Rhombeus Piranha, Black Piranha, White Piranha, Peruvian Black Piranha, Brazilian Black Piranha, Spotted Piranha, S. Niger Piranha. The Natives call this fish Piranha Preta, meaning Black Piranha, and Piranha Blanco meaning White Piranha.
Very widespread, found in the Amazon Basin, Orinoco Basin, Guyanas, Venezuela, Peru.
At least 45cm. (18"), according to South American locals even as much as 55cm. (22"), and possibly even larger. These claims however still have to be substanciated.
Compared to most other piranha species, there is relatively high number of larger specimen in home and public aquaria (12" and above), although true giants (18"+) are very rare. This species has a notoriously slow growth rate, and specimen of 12" or larger are already really old fish.
It is hard to give an accurate desciption of the Rhombeus Piranha, because it appears in many shape and colour variations (hence people talk about the Rhombeus complex). Besides that, this species undergoes many morphological changes during its lifetime. In general, juveniles have a relatively pointy snout, are silvery in colour and covered with small dark spots. The eyes are silver until they reach a size of about 5-6": then they gradually turn red, until they are a deep ruby red. When S. Rhombeus ages, it gets a more stocky appearance and often a much higher profile (Highback Rhombeus). The coloration slowly becomes darker. This varies from fish to fish though; some become deep black (Jet Black Rhombeus), others turn grey and others gradually get a dirty greyish white coloration. Some specimen have iredescent scales on the flanks, others don't. The same applies to a reddish coloration of the gill plates, throat and fins: absent in some forms, relatively abundant in others. In general, the color of the fins varies from fish to fish as well, and are generally in the same colour as the body. The caudal fin can be as dark as the body itself (in particular in very dark specimen), but it can also be lightly colored, with a dark terminal band and base.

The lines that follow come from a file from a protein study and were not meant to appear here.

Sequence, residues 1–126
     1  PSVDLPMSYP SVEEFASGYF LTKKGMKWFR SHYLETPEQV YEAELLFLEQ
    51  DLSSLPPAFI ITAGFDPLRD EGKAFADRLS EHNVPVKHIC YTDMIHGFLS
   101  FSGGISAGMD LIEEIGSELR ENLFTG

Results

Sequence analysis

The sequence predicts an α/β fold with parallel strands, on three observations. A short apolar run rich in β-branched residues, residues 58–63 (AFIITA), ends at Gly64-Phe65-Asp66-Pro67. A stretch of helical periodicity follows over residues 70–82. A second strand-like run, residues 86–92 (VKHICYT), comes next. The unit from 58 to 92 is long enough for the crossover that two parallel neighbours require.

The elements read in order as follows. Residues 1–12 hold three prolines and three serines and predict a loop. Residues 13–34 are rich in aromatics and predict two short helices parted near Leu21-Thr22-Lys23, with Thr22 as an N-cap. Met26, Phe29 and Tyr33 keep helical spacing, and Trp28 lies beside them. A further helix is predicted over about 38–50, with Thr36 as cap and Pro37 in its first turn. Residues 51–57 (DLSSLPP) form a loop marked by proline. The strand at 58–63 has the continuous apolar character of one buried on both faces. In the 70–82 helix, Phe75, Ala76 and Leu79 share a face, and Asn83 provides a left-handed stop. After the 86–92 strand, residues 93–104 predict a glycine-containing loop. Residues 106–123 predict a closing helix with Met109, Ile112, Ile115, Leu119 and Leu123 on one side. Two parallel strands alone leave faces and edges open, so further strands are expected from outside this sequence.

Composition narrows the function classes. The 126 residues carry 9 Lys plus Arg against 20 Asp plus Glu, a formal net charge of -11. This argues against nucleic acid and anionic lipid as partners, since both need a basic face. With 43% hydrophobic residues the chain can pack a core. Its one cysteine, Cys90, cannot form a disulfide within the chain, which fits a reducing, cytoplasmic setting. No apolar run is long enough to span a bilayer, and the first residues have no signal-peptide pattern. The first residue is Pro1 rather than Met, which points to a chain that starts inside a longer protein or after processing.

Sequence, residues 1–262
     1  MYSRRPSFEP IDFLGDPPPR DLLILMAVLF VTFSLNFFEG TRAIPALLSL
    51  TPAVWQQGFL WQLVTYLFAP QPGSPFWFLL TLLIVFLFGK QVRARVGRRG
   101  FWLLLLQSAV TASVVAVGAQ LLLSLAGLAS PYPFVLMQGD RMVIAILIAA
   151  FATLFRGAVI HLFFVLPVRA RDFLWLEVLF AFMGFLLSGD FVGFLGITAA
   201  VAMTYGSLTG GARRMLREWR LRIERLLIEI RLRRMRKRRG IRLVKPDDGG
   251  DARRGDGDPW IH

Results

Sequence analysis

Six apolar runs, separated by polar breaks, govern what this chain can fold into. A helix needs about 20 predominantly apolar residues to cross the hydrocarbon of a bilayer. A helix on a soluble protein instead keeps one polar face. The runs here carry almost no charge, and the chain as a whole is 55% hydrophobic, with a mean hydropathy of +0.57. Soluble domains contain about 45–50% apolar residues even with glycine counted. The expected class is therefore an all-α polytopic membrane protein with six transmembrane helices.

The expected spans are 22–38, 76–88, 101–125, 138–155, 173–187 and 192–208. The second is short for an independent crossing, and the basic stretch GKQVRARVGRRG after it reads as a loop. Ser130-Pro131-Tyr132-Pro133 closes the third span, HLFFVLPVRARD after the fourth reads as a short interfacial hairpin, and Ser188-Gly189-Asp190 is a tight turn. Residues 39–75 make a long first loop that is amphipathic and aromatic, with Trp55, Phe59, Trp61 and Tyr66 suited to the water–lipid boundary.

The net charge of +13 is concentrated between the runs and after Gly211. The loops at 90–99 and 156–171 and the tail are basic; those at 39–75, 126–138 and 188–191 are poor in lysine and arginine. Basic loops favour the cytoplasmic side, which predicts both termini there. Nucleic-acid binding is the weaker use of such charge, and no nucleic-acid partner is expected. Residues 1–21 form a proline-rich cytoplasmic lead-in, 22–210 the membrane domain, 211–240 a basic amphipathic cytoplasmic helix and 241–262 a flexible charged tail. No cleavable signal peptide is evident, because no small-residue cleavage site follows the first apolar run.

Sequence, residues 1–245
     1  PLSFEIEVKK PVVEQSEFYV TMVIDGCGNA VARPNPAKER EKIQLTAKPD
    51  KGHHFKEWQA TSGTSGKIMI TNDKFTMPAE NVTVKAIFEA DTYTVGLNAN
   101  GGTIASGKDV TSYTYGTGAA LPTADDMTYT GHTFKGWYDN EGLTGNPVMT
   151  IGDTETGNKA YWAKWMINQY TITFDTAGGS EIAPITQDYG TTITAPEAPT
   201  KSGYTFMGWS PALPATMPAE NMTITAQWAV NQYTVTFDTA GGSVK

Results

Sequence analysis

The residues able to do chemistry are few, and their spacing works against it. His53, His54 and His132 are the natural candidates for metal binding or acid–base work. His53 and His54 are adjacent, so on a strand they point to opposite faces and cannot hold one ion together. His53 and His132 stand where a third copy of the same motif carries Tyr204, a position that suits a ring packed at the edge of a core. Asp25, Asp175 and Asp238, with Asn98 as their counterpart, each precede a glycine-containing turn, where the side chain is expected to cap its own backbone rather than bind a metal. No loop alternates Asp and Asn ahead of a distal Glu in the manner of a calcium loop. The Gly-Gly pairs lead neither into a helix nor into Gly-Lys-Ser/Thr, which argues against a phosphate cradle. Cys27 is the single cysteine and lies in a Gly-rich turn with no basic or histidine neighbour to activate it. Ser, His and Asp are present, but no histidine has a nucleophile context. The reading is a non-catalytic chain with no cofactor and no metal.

• Red eyes.
• No clear terminal band (hyaline edge) on tail fin.
Juveniles and sub-adults can be kept in a tank measuring 32x14". Adult fish need a tank of at least 60x20x20" (and even more for very large specimen, 12" and more - fish that big are quite rare in captivity however).
Young Rhombeus Piranha's can be very shy. Therefore, they need a well planted tank with bog wood or rocks to provide shelter. When larger, this species becomes very aggressive, and places to hide are no longer really necessary.